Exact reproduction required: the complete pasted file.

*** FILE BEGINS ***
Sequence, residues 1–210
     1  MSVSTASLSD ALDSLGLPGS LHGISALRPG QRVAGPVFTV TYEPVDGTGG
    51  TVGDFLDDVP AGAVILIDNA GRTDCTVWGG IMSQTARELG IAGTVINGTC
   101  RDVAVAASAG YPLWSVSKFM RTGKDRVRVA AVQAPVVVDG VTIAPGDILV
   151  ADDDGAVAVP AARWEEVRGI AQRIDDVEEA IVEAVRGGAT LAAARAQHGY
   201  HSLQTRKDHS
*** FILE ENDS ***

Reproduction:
Sequence, residues 1–210
     1  MSVSTASLSD ALDSLGLPGS LHGISALRPG QRVAGPVFTV TYEPVDGTGG
    51  TVGDFLDDVP AGAVILIDNA GRTDCTVWGG IMSQTARELG IAGTVINGTC
   101  RDVAVAASAG YPLWSVSKFM RTGKDRVRVA AVQAPVVVDG VTIAPGDILV
   151  ADDDGAVAVP AARWEEVRGI AQRIDDVEEA IVEAVRGGAT LAAARAQHGY
   201  HSLQTRKDHS